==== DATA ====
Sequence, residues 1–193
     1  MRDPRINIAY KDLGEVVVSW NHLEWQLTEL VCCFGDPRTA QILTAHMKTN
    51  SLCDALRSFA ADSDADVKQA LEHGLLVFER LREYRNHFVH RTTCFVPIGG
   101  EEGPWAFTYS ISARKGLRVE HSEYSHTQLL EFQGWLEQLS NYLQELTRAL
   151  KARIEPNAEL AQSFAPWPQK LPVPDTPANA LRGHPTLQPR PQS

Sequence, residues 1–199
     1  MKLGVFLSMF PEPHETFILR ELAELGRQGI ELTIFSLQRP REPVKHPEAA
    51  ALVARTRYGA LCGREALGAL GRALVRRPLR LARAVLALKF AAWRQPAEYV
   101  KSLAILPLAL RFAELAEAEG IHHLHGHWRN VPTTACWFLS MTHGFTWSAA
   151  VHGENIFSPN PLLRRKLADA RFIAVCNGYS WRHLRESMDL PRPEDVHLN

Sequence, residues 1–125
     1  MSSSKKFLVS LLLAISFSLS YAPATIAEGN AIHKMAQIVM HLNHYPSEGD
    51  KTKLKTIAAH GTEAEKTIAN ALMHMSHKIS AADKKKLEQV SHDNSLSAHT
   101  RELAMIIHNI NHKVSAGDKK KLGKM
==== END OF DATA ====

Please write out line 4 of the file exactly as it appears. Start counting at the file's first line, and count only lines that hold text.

   101  EEGPWAFTYS ISARKGLRVE HSEYSHTQLL EFQGWLEQLS NYLQELTRAL